The Hungarian Revolution of 1956 is an event of crucial importance for Hungarians, as, during its thirteen days, the nation united as one force against the Soviet Communist regime. However, the neglected nation’s uprising has had its impact on the whole world.
There is an Elvis Presley square and park in Budapest (near the Buda-end of Margaret bridge) in honour of the late singer’s efforts to help Hungarians who suffered heavy losses during the 1956 Hungarian Revolution. Presley appeared on Ed Sullivan’s talk show on 28 October 1956, where the host and the singer both drew attention to the bloody revolution that was taking place in Budapest.
The ‘King of Rock and Roll’ asked American citizens to aid Hungarians in their hardship, eventually raising over 52 million dollars by the end of 1957.
Presley was even named an honorary citizen of Budapest in 2011.
Time Magazine named the Hungarian Freedom Fighter the Man of the Year for 1956, featuring not a photo, but an artist’s depiction of three Hungarian freedom fighters. The article accompanying the photo tells the story of the three men.
Camus & Sartre
A strong reaction was invoked in the great French philosophers too – Albert Camus criticised the West’s lack of action when it came to intervening in the Hungarian-Soviet conflict in an essay entitled The Blood of the Hungarians. Jean-Paul Sartre expressed his disappointment and outrage regarding the Soviet measures in the article Le Fantôme de Staline.
Worldwide sports events
As to show their support of the Hungarian revolution and their dismay of the Soviet side,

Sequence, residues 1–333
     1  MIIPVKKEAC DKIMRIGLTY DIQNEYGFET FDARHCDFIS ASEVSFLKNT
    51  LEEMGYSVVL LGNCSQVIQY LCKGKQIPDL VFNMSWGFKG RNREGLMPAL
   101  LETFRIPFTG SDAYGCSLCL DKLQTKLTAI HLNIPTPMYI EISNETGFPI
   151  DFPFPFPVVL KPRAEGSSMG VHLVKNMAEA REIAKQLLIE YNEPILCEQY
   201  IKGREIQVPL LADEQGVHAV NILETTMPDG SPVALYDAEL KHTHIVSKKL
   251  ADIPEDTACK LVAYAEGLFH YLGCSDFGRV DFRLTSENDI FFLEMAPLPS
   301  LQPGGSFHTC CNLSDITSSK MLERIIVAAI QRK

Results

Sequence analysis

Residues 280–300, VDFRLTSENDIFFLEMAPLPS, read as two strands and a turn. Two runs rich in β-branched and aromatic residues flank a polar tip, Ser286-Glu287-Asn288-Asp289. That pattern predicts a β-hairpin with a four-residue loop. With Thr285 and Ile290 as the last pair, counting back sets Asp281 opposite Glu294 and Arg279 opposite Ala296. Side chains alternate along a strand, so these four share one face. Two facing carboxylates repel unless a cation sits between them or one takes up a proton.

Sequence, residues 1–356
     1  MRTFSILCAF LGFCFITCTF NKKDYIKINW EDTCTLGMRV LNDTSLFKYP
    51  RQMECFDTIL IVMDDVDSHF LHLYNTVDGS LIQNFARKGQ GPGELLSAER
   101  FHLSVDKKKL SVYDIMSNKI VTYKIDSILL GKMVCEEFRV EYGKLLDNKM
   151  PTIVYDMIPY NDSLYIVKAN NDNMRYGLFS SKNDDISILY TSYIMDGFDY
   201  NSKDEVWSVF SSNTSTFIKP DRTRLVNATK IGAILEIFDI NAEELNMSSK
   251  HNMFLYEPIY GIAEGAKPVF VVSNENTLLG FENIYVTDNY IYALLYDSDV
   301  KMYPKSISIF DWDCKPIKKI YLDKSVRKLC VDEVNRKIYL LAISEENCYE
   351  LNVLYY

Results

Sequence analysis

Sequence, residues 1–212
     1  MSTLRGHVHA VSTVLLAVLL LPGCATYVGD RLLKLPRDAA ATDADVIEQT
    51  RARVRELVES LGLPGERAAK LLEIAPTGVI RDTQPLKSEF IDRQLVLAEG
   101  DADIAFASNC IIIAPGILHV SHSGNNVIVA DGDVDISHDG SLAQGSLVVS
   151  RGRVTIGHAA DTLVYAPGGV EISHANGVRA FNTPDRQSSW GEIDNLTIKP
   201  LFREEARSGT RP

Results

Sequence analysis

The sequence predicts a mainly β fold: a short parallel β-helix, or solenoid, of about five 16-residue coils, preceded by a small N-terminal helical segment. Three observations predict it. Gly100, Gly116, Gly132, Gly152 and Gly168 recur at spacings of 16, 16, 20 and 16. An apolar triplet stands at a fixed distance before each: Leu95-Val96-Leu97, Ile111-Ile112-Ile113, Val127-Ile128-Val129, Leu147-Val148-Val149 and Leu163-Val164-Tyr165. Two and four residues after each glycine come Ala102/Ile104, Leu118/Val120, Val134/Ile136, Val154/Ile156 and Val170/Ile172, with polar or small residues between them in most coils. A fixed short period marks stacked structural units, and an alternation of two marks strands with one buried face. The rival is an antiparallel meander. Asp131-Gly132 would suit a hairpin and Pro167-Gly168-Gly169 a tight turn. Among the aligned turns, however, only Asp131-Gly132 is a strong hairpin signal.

Spain, the Netherlands and Switzerland all boycotted the 1956 Melbourne Olympics.
A year later, Norway declined the invitation to the Bandy World Championship over the presence of a Soviet team.
The United Nations
The United Nations even created a board dedicated to investigating the circumstances of the revolution in January 1957. The Special Committee on the Problem of Hungary interviewed 111 Hungarian refugees, reviewed documents, newspapers, radio transcripts, photos, films that were created during the revolution, along with the written testimony of 200 other Hungarians.
Music – Italy and Finland
Two famous songs were written on the occasion and dedicated to the bravery of the oppressed Hungarians: one of them is from Italy, bearing the title Avanti ragazzi di Budapest (Onwards, boys of Budapest) and the other is from Finland, entitled Unkarin Vapaus (Hungarian Freedom).
The Hungarian girl who fought for freedom
On November 13, 1956, the Danish Billed Bladet featured the photo of Erika Szeles on its cover. The red-haired 15-year-old Hungarian girl was holding a Russian cartridge-disc rifle in her hands, with a look of determination and proud defiance in her eyes.
Her story, however, is quite tragic: by the time her photo spread around the world, she was already dead, shot on the 7th of November.
Italy, Alberto Moravia
A famous Italian writer, Alberto Moravia, suggested to the whole world that those streets where there were Soviet embassies, should be renamed ‘the streets of butchered Hungarians’.
Featured image: www.facebook.com/pg/magyarforradalom1956
Source: Daily News Hungary